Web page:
Maine Government Agency Tries To Charge Public Records Requester $750 For Opening A PDF

from the gov't-agencies-and-their-'get-rich-quick'-schemes dept

We've seen lots of ridiculous amounts tossed around by government agencies in response to public records requests. Most of the ridiculous amounts we've covered give the appearance that the agency making the demand feels requesters are also spending other people's money. Like a Texas agency demanding $1 million for prison sexual assault records or the FBI wanting $270,000 to hand over files on defense contractor Booz Allen.

Other demands are smaller, but no less of a deterrent to government transparency. In one infamous example, the Massachusetts State Police erected a $180 paywall around documents related to the agency's marijuana enforcement efforts. Once the agency had the money in hand, it turned around and asked the state supervisor of public records to declare the requested records exempt from release. That was back in July. The MSP still has yet to release the records the requester paid for.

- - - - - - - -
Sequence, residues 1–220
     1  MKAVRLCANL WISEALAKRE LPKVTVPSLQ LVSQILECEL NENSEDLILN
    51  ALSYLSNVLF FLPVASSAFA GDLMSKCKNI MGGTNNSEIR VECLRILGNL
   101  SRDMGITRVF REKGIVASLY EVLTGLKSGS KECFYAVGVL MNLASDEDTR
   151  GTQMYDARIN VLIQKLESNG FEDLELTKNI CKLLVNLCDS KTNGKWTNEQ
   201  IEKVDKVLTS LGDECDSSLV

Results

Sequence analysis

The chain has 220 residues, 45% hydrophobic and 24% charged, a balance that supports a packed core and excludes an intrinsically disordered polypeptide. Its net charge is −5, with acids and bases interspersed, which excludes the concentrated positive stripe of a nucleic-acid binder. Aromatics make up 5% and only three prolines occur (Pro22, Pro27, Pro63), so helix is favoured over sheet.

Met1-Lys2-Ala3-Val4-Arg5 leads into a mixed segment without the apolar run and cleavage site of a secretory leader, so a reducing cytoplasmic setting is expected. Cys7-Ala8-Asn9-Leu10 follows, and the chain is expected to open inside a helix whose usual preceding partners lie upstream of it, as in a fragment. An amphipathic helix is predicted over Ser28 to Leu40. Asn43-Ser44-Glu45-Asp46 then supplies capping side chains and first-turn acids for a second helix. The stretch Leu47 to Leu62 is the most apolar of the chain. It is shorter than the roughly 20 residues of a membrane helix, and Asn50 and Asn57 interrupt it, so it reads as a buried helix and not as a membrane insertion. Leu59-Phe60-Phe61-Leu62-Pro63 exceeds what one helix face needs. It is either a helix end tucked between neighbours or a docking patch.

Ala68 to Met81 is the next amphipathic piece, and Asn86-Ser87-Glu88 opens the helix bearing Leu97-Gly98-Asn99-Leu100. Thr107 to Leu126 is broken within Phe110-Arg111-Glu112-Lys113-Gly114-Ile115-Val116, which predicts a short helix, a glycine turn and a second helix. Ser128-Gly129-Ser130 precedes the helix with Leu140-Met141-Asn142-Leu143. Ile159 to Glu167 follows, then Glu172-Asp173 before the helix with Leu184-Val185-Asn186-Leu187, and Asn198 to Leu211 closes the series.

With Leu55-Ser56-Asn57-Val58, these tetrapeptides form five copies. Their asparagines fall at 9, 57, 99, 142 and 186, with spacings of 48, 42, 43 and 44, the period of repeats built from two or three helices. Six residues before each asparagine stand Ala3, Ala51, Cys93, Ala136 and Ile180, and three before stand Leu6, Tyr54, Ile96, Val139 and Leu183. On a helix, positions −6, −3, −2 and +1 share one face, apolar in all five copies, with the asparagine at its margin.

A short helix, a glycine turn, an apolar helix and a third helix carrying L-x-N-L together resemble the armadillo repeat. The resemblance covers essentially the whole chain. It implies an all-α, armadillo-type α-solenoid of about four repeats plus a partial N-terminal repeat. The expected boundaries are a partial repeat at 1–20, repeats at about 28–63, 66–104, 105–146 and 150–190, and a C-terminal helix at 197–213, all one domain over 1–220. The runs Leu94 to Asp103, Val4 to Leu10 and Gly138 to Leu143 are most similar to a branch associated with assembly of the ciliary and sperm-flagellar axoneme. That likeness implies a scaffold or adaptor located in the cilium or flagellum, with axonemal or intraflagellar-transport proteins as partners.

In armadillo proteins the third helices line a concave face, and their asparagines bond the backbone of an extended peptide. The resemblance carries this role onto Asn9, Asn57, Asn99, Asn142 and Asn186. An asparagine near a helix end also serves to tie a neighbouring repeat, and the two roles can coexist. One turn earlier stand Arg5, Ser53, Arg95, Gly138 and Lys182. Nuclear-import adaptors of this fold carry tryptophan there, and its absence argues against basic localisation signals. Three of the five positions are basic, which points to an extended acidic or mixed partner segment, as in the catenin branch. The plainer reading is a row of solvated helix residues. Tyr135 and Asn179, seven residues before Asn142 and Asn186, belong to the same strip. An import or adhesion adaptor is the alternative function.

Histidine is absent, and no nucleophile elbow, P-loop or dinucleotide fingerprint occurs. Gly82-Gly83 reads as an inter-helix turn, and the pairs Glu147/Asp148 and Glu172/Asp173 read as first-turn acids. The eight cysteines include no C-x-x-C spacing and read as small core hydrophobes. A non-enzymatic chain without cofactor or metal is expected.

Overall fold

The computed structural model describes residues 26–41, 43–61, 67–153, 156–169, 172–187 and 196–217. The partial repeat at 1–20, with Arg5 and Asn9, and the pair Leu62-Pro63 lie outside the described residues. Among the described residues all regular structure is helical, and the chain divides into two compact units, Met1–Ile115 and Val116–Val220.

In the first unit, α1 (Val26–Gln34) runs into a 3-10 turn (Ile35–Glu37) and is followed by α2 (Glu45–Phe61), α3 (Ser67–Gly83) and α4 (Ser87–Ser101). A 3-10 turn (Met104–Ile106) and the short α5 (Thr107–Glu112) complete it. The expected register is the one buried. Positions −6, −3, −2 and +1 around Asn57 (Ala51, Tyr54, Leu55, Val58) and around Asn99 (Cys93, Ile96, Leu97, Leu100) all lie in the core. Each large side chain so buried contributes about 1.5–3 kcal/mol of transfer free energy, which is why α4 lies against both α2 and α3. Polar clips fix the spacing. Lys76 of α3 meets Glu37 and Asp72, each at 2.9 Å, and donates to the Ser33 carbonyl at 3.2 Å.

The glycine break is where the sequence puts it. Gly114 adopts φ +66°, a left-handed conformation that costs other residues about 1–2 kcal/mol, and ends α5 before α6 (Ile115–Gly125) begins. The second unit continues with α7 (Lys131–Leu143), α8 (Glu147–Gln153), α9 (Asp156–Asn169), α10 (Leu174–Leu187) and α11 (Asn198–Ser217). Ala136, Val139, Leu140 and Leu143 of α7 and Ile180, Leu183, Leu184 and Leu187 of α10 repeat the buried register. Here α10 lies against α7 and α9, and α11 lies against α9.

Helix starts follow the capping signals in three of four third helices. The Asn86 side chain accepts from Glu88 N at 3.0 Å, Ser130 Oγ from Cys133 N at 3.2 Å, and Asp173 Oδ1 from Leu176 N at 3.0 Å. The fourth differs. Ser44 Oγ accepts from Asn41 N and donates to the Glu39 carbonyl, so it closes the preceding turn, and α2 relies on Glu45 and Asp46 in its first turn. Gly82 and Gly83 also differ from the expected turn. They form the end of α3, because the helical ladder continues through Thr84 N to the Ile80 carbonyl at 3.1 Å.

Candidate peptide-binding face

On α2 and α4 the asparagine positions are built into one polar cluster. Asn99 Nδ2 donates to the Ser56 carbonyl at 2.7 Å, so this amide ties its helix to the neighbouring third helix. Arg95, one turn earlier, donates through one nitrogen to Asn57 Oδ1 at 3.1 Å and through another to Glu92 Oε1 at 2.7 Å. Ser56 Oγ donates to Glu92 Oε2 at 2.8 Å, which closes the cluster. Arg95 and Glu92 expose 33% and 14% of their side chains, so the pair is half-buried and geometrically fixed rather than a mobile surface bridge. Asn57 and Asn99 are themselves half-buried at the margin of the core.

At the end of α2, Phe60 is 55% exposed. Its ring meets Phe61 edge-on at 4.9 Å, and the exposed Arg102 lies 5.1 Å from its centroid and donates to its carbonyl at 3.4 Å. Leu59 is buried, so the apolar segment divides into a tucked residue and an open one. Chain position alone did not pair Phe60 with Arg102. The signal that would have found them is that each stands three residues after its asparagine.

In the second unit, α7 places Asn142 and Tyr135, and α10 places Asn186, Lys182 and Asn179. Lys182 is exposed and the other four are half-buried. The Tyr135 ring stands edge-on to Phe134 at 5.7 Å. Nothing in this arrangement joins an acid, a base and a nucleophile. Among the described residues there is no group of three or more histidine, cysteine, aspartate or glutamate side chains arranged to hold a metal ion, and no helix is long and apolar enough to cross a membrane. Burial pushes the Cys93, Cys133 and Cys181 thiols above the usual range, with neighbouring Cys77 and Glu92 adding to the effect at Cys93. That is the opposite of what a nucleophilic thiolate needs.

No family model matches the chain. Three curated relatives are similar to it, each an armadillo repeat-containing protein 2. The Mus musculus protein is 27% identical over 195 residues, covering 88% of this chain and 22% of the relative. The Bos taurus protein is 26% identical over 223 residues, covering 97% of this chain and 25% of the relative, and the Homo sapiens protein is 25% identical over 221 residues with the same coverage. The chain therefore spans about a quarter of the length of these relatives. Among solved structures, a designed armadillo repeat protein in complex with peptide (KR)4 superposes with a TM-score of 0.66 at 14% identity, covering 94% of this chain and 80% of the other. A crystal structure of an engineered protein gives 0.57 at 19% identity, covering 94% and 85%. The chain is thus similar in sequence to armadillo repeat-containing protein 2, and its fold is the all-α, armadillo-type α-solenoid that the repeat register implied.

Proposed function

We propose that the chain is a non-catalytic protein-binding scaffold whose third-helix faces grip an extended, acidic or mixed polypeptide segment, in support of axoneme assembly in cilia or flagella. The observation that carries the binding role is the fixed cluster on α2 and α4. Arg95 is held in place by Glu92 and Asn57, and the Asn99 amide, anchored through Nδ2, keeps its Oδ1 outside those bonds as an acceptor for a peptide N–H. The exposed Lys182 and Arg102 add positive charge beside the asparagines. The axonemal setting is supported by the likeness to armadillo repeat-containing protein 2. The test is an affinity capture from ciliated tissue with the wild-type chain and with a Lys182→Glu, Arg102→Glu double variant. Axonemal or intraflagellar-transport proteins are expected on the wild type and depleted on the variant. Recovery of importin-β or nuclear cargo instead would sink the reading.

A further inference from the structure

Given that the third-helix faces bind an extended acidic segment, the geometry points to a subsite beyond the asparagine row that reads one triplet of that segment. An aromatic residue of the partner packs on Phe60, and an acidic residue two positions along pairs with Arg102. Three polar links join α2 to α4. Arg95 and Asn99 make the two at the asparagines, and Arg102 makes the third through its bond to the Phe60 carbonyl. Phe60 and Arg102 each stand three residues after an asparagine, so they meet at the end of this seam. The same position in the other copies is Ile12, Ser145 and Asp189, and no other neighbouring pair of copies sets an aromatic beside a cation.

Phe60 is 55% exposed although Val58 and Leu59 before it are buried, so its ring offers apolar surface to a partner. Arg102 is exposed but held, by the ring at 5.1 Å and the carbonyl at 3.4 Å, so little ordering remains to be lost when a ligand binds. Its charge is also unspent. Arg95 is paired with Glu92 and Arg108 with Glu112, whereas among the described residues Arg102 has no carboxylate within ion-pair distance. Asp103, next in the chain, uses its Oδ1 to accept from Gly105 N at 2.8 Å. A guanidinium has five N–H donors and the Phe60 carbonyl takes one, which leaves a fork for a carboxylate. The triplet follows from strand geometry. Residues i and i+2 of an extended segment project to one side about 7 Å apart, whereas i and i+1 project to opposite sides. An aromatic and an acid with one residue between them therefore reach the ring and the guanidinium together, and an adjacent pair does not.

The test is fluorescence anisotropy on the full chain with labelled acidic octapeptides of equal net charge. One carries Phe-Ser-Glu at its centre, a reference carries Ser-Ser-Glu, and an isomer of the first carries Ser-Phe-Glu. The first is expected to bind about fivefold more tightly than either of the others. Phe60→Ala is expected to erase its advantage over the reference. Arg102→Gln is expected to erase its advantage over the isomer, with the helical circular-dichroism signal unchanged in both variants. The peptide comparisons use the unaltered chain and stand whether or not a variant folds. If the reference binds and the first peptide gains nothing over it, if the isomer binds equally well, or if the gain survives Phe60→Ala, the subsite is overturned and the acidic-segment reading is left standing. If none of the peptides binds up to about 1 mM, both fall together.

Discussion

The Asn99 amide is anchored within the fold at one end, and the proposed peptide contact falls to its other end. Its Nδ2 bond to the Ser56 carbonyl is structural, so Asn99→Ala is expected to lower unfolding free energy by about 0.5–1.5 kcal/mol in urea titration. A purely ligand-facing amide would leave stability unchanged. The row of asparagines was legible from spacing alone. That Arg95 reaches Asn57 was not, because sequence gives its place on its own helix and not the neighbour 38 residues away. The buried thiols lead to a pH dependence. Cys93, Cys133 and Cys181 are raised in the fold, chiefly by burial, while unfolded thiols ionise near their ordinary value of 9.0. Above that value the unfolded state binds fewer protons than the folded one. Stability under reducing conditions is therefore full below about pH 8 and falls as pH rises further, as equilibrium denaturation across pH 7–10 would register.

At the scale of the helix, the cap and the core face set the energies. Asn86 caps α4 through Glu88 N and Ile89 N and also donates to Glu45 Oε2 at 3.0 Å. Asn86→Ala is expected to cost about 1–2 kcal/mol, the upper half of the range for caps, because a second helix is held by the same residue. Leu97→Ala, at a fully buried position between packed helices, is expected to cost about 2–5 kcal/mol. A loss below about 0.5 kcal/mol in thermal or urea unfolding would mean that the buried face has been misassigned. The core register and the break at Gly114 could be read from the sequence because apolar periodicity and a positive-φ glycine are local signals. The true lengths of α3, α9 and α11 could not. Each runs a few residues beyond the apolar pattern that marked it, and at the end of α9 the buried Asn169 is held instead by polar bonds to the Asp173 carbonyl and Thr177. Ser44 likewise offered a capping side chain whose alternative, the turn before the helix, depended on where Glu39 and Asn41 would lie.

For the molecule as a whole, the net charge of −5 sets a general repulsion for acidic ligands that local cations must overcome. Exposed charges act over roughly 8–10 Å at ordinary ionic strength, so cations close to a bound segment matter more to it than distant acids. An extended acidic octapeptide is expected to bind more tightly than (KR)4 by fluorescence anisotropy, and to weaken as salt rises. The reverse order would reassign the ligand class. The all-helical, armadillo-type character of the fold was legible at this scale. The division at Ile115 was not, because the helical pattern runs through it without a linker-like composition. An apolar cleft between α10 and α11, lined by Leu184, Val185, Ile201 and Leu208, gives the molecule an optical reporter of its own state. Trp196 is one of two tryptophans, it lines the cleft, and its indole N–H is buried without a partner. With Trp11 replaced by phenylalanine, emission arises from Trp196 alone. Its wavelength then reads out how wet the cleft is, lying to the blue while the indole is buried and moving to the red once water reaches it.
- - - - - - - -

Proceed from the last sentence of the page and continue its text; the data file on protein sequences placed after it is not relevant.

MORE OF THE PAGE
Up in Maine, something just as devious is taking place. MuckRock member Adanya Lustig asked the Maine Midcoast Regional Redevelopment Authority (located in Brunswick, ME) for a copy of the proposal it sent to Amazon in hopes of talking it into opening a second headquarters there.

Lustig did receive a copy of the proposal… and a very dubious email/clickwrap "agreement" in response: